Getting ready to write with survivors



I’ve been reading like a madwoman and researching poetry, writing to heal and memoir in preparation to work with survivors of domestic violence and sexual exploitation. The workshops won’t begin until June 1 but I want to make sure that everything I bring into the workshops serves to heal and to allow these survivors to tell their stories in healthy ways.

I’m also looking for short pieces of writing — poetry and prose — that will introduce these writers to survival stories. The more I read, the more I understand that no two people are going to respond the same way to the stories of others. But we can all use our responses to create our own testimony to hope.





I’ve written before about an amazing book called Storycatchers. It has made me keenly aware that it is a sacred moment when we capture someone else’s story.

Here are three more books that I’m finding most helpful in guiding the creation of these ten workshops.








I’ve been thinking a lot about what writing to heal does for us even if we choose not to share our stories. I think we’ve all packed away a few of our own stories of trauma and tragedy. So we’re all survivors. Writing our stories is a lot like going into a dusty attic and pulling out the boxes from all the corners. We don’t always recall everything inside those boxes, only that we set them aside because we weren’t sure what to do with the contents. As we write, we pull out tattered memories. We can either look at them and then hide them away again where they’ll probably continue to take up space. Or we can turn those memories over and study the texture and feel — the seams and fabric of the memory. In doing this, we might also recall why we boxed those memories up and put them aside. Only now we have the opportunity to see that we have little or no use for some of the memories. Or we can see that we can use the memory to see that we’ve changed our lives, or we’ve grown so that the memory no longer wears on us. Or we see that we can still change our own lives and let the memory guide us but never let it own us. I’m not sure this metaphor makes complete sense yet. It’s taking shape. But I am sure this is what I’ll encourage over the weeks I work with this group.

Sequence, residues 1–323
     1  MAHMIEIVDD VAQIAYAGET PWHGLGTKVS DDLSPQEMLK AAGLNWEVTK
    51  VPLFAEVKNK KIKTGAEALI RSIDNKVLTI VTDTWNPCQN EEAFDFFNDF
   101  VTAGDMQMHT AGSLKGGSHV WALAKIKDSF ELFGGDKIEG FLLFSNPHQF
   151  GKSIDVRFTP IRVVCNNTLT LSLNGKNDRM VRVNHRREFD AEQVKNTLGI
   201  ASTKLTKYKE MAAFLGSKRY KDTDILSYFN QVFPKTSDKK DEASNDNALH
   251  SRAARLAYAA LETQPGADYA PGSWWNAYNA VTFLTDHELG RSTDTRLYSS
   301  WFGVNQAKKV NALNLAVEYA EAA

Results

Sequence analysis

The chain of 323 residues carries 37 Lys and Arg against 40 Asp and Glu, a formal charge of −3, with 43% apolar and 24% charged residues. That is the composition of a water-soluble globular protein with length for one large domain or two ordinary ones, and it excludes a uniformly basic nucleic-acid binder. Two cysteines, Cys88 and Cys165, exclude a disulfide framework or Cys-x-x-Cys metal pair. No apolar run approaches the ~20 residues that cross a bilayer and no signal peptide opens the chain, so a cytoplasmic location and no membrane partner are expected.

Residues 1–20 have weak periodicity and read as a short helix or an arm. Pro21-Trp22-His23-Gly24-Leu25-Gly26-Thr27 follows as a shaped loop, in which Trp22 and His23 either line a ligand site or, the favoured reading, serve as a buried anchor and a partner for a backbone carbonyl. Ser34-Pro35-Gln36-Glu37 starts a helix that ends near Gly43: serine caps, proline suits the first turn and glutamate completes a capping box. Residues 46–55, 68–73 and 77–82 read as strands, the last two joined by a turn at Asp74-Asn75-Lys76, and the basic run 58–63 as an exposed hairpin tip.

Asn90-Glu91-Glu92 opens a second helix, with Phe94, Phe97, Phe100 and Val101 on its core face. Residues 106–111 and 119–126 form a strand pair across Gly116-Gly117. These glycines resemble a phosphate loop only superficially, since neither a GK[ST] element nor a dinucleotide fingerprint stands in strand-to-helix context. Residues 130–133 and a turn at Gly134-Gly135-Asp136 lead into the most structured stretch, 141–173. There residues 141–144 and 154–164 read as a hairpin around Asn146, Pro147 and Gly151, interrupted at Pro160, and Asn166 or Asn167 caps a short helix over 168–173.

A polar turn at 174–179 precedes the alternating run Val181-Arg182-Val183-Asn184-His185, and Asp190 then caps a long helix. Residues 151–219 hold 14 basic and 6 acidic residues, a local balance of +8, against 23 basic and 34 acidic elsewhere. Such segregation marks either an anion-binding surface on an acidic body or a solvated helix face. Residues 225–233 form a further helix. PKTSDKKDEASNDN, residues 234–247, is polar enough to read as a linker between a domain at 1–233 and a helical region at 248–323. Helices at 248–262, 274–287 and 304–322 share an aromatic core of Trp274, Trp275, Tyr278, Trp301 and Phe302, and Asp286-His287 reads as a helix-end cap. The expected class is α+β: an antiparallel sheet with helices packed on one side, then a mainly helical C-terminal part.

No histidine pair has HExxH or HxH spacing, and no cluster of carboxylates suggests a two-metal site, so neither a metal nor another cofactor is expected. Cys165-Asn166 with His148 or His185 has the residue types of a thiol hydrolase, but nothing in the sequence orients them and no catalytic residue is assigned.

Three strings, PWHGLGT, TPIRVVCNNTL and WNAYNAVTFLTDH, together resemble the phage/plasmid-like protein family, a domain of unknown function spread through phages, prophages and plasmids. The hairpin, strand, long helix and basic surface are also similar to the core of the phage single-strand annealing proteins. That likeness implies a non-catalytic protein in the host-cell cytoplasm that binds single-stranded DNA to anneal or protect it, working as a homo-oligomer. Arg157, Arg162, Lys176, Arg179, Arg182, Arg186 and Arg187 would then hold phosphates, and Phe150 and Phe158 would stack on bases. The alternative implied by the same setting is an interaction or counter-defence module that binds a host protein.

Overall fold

Here’s to changing community perceptions of sexual exploitation and domestic violence

People who know me are aware that I’ve been working on research for a book addressed to teens that focuses on trafficking, sexual exploitation and the domestic violence issues that come with the territory. My goal is to educate my young adult audiences so that they can protect themselves and to encourage their advocacy and activism.

You might not be aware that I’m also involved with a program at Mount Mary, the college where I teach, that focuses on helping survivors use writing as testimony to change law and cultural perspectives about sexual exploitation and domestic violence.


untold stories